People who are this cynical are prepared to countenance every possible motive behind a government initiative, except genuine concern for the interests of residents.
People can see through this. I don’t have to “protest too much”. Our motive is to reduce the urban blight and rebuild the ruined social fabric in a suburb that accounts for 70% of all gang activity in Cape Town. Given that gang violence is responsible for 15% of all murders in Cape Town, stabilising Manenberg will make “the community” much safer, while reducing crime as a whole.
Kader Jacobs of the Community Policing Forum (CPF) -- whose role is also to reduce crime -- told The Times he “wished government had asked the residents what they wanted done in the area”.
Perhaps Mr Jacobs is unaware that the CPF has been represented in the discussions that culminated in this proposal. In fact, it is the outcome of an intensive community participation process conducted over the past 12 months. The attendance register from the latest consultative meeting, held in the very week the plans were announced, includes the signatures of 3 CPF members.
The public announcement was not an imposition of a final plan. It was just the next step in the community participation process, which began a year ago involving Manenberg’s NGO community, youth organisations, ward committees (which are themselves broadly representative of different sectors) and safety forums. They have walked the streets with urban planning professionals of the “Violence Prevention through Urban Upgrading” project, to discuss different concepts for the physical transformation of the suburb. And they have come up with a “Community Action Plan” and a proposed “Public Investment Framework”, not a final plan.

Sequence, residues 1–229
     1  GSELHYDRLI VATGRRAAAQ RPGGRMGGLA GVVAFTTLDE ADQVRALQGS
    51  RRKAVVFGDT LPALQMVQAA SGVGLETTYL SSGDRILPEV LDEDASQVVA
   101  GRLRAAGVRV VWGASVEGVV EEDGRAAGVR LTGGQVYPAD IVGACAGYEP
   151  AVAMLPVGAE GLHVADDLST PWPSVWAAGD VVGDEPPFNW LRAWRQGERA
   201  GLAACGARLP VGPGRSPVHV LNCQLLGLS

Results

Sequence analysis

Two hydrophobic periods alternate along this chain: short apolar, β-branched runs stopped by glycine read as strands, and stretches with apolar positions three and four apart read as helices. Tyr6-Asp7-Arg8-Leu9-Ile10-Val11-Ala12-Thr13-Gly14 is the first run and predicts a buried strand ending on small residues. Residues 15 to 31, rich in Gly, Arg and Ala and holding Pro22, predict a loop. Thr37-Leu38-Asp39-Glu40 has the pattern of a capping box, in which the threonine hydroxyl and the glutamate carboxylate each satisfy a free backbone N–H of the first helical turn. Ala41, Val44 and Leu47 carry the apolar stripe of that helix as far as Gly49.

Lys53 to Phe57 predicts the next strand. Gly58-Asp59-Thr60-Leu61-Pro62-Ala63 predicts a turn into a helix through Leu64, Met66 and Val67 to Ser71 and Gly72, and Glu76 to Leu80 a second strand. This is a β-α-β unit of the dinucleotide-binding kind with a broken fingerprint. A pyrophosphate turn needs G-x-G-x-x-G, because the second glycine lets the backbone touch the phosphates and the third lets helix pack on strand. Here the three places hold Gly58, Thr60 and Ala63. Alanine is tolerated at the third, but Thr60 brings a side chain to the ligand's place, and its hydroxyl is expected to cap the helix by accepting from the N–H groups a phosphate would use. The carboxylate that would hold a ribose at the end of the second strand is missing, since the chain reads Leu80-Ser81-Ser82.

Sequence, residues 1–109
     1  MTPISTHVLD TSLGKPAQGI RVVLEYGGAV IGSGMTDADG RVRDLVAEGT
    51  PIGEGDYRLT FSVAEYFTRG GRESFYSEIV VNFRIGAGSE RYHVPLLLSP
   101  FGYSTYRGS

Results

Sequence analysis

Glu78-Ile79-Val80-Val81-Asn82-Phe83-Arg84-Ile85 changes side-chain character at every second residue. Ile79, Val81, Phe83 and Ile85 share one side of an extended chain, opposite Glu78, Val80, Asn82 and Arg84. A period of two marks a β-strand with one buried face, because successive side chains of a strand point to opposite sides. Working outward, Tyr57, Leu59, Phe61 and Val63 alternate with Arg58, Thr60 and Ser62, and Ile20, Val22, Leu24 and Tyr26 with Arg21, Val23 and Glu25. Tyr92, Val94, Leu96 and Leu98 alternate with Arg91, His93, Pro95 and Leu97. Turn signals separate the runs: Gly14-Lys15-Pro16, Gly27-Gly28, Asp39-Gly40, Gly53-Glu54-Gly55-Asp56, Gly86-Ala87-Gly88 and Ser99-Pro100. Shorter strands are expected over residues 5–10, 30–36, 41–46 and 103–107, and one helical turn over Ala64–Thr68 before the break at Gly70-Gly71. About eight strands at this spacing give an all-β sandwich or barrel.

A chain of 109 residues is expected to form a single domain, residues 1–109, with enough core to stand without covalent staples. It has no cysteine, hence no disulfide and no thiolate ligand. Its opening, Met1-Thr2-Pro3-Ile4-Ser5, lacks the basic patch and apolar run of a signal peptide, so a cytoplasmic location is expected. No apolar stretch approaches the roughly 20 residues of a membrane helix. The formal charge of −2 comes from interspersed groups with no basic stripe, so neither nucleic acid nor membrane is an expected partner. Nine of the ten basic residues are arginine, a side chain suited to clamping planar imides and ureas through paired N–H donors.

Our media conference was intended to take these ideas to the broader community, as a precursor for the next stage of the Community Action Plan, which will include public meetings in every Manenberg ward, and intensive consultation with all “sectors” from faith-based organisations to school governing bodies.